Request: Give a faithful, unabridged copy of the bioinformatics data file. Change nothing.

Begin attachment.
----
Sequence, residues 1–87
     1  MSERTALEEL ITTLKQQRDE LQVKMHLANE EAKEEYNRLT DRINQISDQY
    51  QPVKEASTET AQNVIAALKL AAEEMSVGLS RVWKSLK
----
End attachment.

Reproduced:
Sequence, residues 1–87
     1  MSERTALEEL ITTLKQQRDE LQVKMHLANE EAKEEYNRLT DRINQISDQY
    51  QPVKEASTET AQNVIAALKL AAEEMSVGLS RVWKSLK